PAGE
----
Release. Lakatos Family is still in Canada, but future uncertain for Roma refugee family

Press Release

Lakatos Family is still in Canada, but future uncertain for Roma refugee family

Montreal, 17 July 2016 – A Hungarian Roma family whose temporary residence expired Saturday is still in Canada. Gilda Lakatos, 17-years old, and her mother, Katalin applied to renew the Temporary Residence Permit they were granted in May and they can legally remain in Canada until they receive a response on this renewal application. They are still waiting for a response on their humanitarian-grounds application for permanent status, filed ten months ago.

"It is unacceptable to leave Gilda and Katalin in this agonizing limbo. By granting the family a rare Temporary Residence Permit in May, Minister of Immigration McCallum already recognized that there are "exceptional circumstances" in this case. So it must now follow through on that acknowledgement and accept their humanitarian application without delay," said Mary Foster of Solidarity Across Borders.

"Why was this temporary relief granted if not to give Immigration Canada the time to study and respond to their humanitarian application? A TRP gives neither the right to work nor to study, so it certainly wasn't to allow Gilda to finish her high school education in Canada," said Foster.

The family had very strong reasons for leaving Hungary and has very compelling humanitarian grounds for not going back.

If Gilda is forced to leave Canada now, she will never be able to finish her high school, let alone pursue her studies at a higher level as she dreams of doing. Lack of secondary education would condemn her to precarity her entire life, particularly in the Hungarian context. Dafina Savic of Romanipe explains: “Other refused Roma refugees from Hungary – including Gilda's brother, deported in March – have faced insurmountable barriers trying to have their Canadian schooling recognized in Hungary or even to enroll in school after years abroad. In addition, the unceasing, discriminatory treatment and segregation of Roma children (45% are segregated) in Hungarian schools is such that the European Commission actually launched infringement proceedings against Hungary for its breach of EU anti-discrimination legislation this past June.”

"My father and brother were deported to Hungary in March and It is clear that the situation for Roma there hasn't changed at all. It is the same racism in the streets, job discrimination, segregation, police abuse: all the reasons we left. It is everywhere. I am extremely worried about my father and brother, who do not even have anywhere to live. A friend is letting them stay at his place, but the conditions are bad and he doesn't even have running water. Every day my father is more and more depressed." said Gilda Lakatos. Their situation of precarity is unlikely to change because of the rank labour market discrimination against Roma in Hungary: 80% of employees admitted that they rarely or never employ Roma according to a 2006 study. In addition, research by a Toronto-based legal team showed that returnees – like these two men – in fact now face a double discrimination: as Rom and as people who have exposed Hungary's racist practices abroad.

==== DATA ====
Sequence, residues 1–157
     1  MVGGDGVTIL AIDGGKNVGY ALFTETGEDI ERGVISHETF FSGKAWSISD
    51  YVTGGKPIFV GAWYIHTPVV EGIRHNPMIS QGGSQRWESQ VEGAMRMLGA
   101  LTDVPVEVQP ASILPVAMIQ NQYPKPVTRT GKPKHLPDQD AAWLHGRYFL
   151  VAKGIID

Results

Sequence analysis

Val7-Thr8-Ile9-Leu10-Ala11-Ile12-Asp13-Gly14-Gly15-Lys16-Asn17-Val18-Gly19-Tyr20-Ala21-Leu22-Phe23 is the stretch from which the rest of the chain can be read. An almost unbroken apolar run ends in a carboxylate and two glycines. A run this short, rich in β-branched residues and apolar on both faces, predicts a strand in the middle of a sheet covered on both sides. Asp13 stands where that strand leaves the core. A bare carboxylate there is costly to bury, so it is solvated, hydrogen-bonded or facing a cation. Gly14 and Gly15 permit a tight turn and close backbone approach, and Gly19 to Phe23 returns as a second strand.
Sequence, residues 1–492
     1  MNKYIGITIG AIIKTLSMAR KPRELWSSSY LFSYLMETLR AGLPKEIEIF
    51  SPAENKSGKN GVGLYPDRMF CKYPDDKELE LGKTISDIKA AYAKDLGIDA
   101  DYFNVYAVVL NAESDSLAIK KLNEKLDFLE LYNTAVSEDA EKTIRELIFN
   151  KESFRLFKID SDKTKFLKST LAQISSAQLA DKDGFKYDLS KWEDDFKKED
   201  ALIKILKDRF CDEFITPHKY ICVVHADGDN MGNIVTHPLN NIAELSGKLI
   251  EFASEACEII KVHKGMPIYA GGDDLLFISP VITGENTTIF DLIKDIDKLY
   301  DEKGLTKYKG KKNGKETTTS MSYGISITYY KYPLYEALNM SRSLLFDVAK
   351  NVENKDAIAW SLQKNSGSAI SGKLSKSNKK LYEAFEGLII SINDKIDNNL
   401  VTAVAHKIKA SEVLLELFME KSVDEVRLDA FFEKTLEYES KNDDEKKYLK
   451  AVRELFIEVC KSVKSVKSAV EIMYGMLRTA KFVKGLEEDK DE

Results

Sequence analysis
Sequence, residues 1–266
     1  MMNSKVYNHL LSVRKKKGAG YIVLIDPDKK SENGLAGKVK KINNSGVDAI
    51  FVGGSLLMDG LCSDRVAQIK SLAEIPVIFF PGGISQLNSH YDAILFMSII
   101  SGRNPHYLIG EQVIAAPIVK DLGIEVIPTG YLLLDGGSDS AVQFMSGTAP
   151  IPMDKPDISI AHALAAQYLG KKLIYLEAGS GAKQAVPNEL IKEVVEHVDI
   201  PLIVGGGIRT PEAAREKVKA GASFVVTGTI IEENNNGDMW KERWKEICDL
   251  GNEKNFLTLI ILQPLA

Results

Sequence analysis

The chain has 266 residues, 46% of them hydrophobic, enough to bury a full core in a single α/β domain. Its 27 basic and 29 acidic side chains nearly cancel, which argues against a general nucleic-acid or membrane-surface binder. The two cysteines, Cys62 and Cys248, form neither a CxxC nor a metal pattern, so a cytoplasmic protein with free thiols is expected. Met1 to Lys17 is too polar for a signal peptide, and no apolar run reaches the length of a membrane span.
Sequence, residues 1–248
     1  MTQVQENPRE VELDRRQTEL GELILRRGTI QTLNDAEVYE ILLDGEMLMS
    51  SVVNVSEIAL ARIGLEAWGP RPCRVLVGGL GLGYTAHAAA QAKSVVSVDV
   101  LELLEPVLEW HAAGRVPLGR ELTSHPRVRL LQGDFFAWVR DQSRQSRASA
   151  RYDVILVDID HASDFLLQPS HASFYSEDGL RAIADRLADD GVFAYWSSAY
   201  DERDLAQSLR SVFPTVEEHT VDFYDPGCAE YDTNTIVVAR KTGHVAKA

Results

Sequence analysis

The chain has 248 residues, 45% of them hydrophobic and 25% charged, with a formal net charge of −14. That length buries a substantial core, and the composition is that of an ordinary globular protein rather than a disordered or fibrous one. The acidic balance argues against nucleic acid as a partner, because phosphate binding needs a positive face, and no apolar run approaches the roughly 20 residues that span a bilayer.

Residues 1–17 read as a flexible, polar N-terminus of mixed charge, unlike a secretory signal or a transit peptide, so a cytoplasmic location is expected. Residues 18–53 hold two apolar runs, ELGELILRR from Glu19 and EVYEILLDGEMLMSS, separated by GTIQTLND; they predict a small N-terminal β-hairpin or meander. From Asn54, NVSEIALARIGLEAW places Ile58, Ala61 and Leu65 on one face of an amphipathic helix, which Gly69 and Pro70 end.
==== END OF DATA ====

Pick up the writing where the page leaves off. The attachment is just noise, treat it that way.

"It is particularly cruel to deport Katalin back to a situation where she has already lost one son to suicide after racist taunts by Hungarian police and almost lost a second to racially-motivated medical neglect. Hungary is a place of great trauma for this family. Katalin has been experiencing renewed depression since the family has been threatened with deportation." said Foster. "As a society we should ask ourselves why we are putting her through this."

If Minister McCallum accepts the humanitarian application, the family could be reunited in Montreal, where they found safety, peace and hope for the future.


20 October 2004 – Suicide of Katalin's oldest son following racist incident with police

2005 – Katalin launches complaint against Hungarian police for driving her son to suicide; intense police harassment begins.

February 2011 – Near death of second son (Gilda's older brother) following racially-motivated medical neglect.

14 June 2011 – Family arrives in Canada, applies for asylum.

April 2015 – Refugee demand refused.

22 September 2015 – Application on humanitarian grounds filed.

30 October 2015 – Family ordered deported. They remain in Canada.

3 March 2016 – Arrest of father and son, now undocumented, in routine police check of car they are travelling in. They are detained at the Laval Immigration Detention Centre.

8 March – Katalin and Gilda, 16-years old at the time, voluntarily turn themselves in to CBSA. They are detained at the Laval Immigration Detention Centre.

11 March – Deportation of father and son.

17 March – Katalin and Gilda are released from detention by the Immigration and Refugee Board.

11 May – On eve of new deportation date (12 May 2016), the federal Minister of Immigration recognizes "exceptional circumstances" and grants a Temporary Resident Permit – but only for two months.

14 July – Katalin and Gilda apply to renew TRP; lawyer confirms that they can legally remain in Canada until they obtain response on renewal application.

16 July – Current TRP expires.


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Solidarity Across Borders

Background on Roma in Hungary:

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